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  Founder: Len Mullenger
Classical Editor: Rob Barnett


Wilhelm FURTWÄNGLER (1886-1954)
Symphonic-Concerto for piano and orchestra (1936-37)
Erik Then-Bergh (piano)
Bavarian Radio SO/Rafael Kubelik
Rec. 27 June 1963, Bavarian Radio, AAD
TAHRA TAH 197 [63.19]



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The Symphonic-Concerto was written during the years separating the Piano Quintet and the Violin Sonata (both 1935 and both recorded with considerable panache and gravitas on Timpani) from the First and Second Symphonies (1941 and 1945 respectively). The work was premiered in Munich on 26 October 1937 and in Berlin (with Edwin Fischer) five days later.

There have been a small harvest of recordings of this work. Furtwängler and Fischer's Berlin premiere spawned a set of acetates released by Pilz during the 1990s. Barenboim (piano) and Mehta revived the work in the 1970s. This recording was revival was issued by Bongiovanni, Phorion and Penzance. There are private off-air tapes of broadcasts by Paul Badura-Skoda and Dagmar Bella (one of the composer's daughters). More accessibly there is also a Marco Polo CD (8.223333) in which David Lively appears with the Czecho-Slovak Philharmonic Orchestra conducted by Alfred Walter. Walter was a veteran of a 1980s BBC orchestral cycle of the three symphonies and of recordings on the Marco Polo label. Of this group I know only the Barenboim/Mehta recording and that in a now rather gloomy tape copy.

Out of the turbulent, tense banks of cumulo-nimbus heavy with threat the piano rises to a stonily ringing heroic assertion. We have a storm-blasted work at least in the typically big first movement. That movement lasts two minutes more than half an hour; as long as many romantic concertos! Furtwängler certainly had a template for expression of his creative urge. That pattern did not admit of brevity. Just look at the Bayer and Timpani recordings of the chamber music; not to mention the Warner recording of the monumental Second Symphony (Chicago/Barenboim - this time as conductor). The scale is Brucknerian but the manner is quite other; standing at the confluence of streams from Rachmaninov (Piano Concerto No. 4), Grieg (Piano Concerto) and Busoni (Indian Fantasy). The playing has a raw and unflinching tone with a darting, heaven-scarring power specially evident in the finale (tr.3 3.16). The recording also exudes an inwardness and spirituality distant from the deep German forests conjured by the likes of Raff and Spohr. Notable are the groans of disillusion at 6.40 in finale. This music is often not a million miles from the bled exhaustion of the finale of Tchaikovsky’s Pathétique.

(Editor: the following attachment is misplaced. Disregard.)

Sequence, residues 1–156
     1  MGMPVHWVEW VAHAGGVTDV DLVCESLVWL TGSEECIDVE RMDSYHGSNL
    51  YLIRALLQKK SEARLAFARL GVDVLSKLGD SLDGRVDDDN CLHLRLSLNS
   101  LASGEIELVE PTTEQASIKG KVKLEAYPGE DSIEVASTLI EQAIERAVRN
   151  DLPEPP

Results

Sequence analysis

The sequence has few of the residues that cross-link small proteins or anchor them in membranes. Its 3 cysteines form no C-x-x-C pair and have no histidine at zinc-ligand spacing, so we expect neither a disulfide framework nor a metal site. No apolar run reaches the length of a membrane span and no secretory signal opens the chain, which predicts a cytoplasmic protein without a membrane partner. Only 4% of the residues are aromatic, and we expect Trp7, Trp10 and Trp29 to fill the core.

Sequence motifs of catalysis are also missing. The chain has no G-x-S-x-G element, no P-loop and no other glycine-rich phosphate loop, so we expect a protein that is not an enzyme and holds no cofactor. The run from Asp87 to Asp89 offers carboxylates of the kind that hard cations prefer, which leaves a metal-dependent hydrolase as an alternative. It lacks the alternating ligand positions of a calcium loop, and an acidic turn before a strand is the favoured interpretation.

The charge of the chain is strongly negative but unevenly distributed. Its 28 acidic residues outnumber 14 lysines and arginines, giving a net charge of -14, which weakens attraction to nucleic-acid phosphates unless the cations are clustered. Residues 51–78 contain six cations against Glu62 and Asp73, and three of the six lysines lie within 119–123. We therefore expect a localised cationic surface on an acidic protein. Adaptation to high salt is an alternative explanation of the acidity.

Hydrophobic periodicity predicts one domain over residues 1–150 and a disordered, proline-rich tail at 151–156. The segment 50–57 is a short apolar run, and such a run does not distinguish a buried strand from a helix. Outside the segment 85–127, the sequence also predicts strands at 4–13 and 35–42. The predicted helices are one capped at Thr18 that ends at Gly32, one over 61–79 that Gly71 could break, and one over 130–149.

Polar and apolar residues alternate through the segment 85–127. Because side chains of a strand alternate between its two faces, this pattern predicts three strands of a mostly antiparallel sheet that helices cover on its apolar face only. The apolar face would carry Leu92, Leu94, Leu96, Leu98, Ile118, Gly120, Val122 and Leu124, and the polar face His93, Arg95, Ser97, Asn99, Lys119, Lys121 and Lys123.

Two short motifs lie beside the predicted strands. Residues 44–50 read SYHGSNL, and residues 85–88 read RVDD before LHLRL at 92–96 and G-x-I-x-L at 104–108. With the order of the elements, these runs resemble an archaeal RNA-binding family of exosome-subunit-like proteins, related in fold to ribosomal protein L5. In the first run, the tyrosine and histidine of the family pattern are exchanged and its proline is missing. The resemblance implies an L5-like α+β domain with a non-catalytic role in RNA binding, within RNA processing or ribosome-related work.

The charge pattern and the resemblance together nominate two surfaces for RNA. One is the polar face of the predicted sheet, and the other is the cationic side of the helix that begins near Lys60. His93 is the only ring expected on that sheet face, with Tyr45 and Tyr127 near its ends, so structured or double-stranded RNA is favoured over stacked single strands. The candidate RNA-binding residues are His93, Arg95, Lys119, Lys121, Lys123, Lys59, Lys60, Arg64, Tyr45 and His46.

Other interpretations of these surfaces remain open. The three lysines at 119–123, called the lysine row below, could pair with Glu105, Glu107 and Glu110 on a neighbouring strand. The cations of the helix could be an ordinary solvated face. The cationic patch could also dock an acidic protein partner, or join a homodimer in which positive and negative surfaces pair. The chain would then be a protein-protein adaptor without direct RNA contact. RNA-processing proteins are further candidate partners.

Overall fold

Then-Bergh was born in Hanover in 1916. His Berlin debut took place in 1938. He engaged in a hectic round of concertising after some Wehrmacht service. He was a professor at the Munich Conservatoire. Having impressed the composer through his four concert performances of Brahms' First Piano Concerto he was approached to perform the newly revised version of the Concerto. After a lengthy period of joint study composer and pianist tried the work through in private at the Salzburg Mozarteum. Then-Bergh played it with the Berlin Phil at the composer's memorial concert, Furtwängler’s death having frustrated a planned joint performance.

The Tahra production is made striking by the portrait plates of Then-Bergh. The stereo recording sounds more than reasonable if cluttered when at full blast.

This is a valuable document but perhaps at this very moment Barenboim is planning a follow-up to his Chicago recording of the Second Symphony. A recording of the Symphonic-Concerto would make a splendid project for Olli Mustonen, Roland Pontinen, Rolf Hind, Hamish Milne or Geoffrey Douglas Madge. We can dream can’t we? Until then this is a very fine account of a noble and tempestuous work.

Rob Barnett



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